Purulent pericarditis has a high mortality, owing to the intangible diagnosis and the related severity of the underlying disease. Cardiac tamponade is frequent, and acute constrictive pericarditis may occur. The disease should be considered in all patients presenting with high fever, dyspnoea, and tachycardia with intrathoracic or subphrenic infections, or sepsis with symptoms that suggest pericardial involvement. Pericardiocentesis is indicated even in the absence of tamponade when the disease is confirmed, and appropriate antibiotic treatment should be instituted. Long-term prognosis is however excellent in patients that survive until discharge.
Post myocardial infarction pericarditis
Pericardial effusion frequently occurs in the early stage after myocardial infarction, which remains asymptomatic and can be left untreated. Within the first week after myocardial infarction, acute pericarditis may occur, which is related to the extent of the infarction. The presence of a pericardial rub may distinguish chest pain and ECG changes resulting from acute pericarditis from recurrent ischemia.
Weeks to months after myocardial infarction, pleuropericarditis of autoimmune nature may prevail, termed Dressler’s syndrome. However, this syndrome is rare, and treatment with corticosteroids yields a good prognosis.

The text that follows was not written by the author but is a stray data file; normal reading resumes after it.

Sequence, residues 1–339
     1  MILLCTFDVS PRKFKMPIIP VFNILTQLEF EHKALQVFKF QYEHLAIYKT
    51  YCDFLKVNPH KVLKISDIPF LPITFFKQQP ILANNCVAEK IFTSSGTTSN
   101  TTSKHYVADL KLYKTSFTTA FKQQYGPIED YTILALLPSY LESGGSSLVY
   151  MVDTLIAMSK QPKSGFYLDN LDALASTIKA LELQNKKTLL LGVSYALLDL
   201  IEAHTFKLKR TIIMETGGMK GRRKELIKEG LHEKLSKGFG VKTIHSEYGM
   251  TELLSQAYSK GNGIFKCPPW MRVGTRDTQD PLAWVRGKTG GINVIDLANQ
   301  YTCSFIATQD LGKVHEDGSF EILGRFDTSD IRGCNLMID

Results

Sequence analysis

Lung cancer is the most frequent cause of neoplastic pericarditis. Cardiac tamponade in patients with a history of malignancy, in the absence of inflammatory signs indicates a possible malignant etiology, as is lack of response to NSAIDs in this patient group. When the effusion is indeed of malignant origin (approximately 40% of cases), treatment aims at alleviation of symptoms and the prevention of recurrences. A balance should be sought between pericardiocentisis in which recurrence is frequent, and pericardiectomy, which may be overly aggressive in this critically ill subset of patients.
With increasing severity of primary hypothyroidism, the prevalence of pericardial effusion increases. Thyroid hormone replacement therapy results in remission of the effusion.
Pericarditis is common after cardiac surgery (18%), of which the etiology is unclear although an autoimmune origin has been proposed. In contrast to other forms of pericarditis, post-pericardiotomy pericarditis may be effectively treated with corticosteroids and NSAIDs.